The town is taking a closer look at a proposal of the Cochrane EMS Crisis Citizens Action Group (CAG) to purchase a fire/paramedical response vehicle.
At council's Feb. 6 committee-of-the-whole meeting, CAG chair Brian Winter gave council an overview of their concerns, what has been accomplished to date, and a wish list that includes the emergency vehicle.
"We're looking for a vehicle that looks like an ambulance and is used to protect fire personnel at a large-scale event and also used on a smaller scale as a secure and warm environment for the citizens of Cochrane," Winter told council.
"This vehicle could be your safety net when AHS EMS is not available."
He estimated to council it would cost between $150,000 and $180,000 to purchase and could possibly utilize equipment already available at Cochrane Fire Services.
Stacey Loe, the town's executive director of Protective and Community Services, said she will bring back a report to council in about a month's time.
"I think there are many options and alternatives that the municipal can look at as far as how far they want to step in and what the costs and order of magnitude and impact it would have our fire response as well as to the cost of that service," said Loe. "Certainly, it will boil all the way down to our level of service policy as well."
Whether this responsibility should, or can, fall upon the shoulders of the town was one of the biggest stumbling blocks identified by council. Furthermore, should municipalities become involved in this capacity, will it discourage the province from following through on the action plan it has laid out over the past few months?
Winter says it's a problem that has existed since AHS took over EMS in 2009, and it's only getting worse. Before then, the town operated its own ambulance service in conjunction with Cochrane Fire Services.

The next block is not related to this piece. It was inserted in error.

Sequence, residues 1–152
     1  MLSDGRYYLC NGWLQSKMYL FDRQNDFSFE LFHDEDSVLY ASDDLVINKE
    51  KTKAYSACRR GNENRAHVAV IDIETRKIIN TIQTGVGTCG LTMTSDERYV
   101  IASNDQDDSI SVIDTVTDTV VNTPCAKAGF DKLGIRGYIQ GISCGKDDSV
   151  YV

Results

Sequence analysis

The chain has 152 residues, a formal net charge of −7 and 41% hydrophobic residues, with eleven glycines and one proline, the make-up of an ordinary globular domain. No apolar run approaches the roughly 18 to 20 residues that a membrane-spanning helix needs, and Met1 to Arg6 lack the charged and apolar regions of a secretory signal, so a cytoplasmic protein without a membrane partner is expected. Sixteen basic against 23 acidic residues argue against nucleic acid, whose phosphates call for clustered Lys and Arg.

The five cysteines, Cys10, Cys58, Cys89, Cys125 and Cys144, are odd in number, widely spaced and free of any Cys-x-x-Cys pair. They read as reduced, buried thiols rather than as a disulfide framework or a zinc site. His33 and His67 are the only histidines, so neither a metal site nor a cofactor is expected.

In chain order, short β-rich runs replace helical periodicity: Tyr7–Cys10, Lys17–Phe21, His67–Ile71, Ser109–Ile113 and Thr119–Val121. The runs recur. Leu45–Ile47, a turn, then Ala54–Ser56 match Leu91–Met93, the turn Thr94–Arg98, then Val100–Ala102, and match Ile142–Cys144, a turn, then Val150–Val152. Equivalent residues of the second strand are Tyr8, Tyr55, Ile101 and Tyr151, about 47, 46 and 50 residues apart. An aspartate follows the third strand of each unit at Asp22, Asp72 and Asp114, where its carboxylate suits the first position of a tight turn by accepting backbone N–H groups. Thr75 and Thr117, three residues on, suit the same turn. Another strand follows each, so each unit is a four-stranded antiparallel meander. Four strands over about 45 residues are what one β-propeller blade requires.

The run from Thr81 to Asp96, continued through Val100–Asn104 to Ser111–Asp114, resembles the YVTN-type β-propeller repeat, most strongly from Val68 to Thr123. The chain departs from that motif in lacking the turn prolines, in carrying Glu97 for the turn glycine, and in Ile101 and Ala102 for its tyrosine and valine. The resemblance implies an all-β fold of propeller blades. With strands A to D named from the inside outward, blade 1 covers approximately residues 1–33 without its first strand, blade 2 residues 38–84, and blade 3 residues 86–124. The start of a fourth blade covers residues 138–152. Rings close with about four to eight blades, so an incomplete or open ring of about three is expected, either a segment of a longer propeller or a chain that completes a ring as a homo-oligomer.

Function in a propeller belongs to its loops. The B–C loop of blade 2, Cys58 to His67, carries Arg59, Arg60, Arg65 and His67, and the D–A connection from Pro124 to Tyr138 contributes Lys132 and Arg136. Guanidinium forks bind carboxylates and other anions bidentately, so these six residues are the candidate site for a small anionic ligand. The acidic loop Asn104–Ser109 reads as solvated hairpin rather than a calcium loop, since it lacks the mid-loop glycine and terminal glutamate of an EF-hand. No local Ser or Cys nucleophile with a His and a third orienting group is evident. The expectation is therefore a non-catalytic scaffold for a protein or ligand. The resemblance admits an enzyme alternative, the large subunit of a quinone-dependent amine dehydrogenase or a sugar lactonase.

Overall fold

"Just because the provincial government hasn't met their obligations doesn't mean Cochrane can't be a shining light and provide something for their citizens."
Mayor Jeff Genung says the mid-sized cities mayors' caucus is scheduled to meet with Alberta Health minister Jason Copping next week to discuss the same issues raised by CAG.
"We're sharing our concerns about exactly what you've outlined today about the hospital wait times, the flexing. I want my message to you, the community, and council to be, we're not just sitting back and letting this happen to us. We're doing what we can, and we're being active in participating with the province to try and activate some change. Because you're right, 10 years ago, we had a well-working first response team that was cross-trained around fire and paramedics, and I think we were a shining star in the province in that."
Mayor Jeff Genung said he is willing to discuss the idea of the emergency vehicle with Copping, as well as the possibility of the province participating in funding.
Winter says he was pleased with council's response.
"It's very positive that they're going to look into a response vehicle that will act as a safety net until AHS gets their stuff together to provide the proper care and to work on the three solutions: no flexing, no hospital wait times, and no non-emergency transfers. To me, it's a simple fix. We could start on that next week, but it is just a slow process."
CAG isn't putting all its eggs in one basket. Winter says they recently met virtually with RJ Sigurdson, parliamentary secretary for EMS reforms and Highwood MLA, to present similar ideas. A follow-up meeting is scheduled for March.
"He is working with a big organization, AHS, and it's moving at a snail's pace, so he told us to advocate as much as we can," says Winters.
This was the first advocacy since those discussions, and more are planned.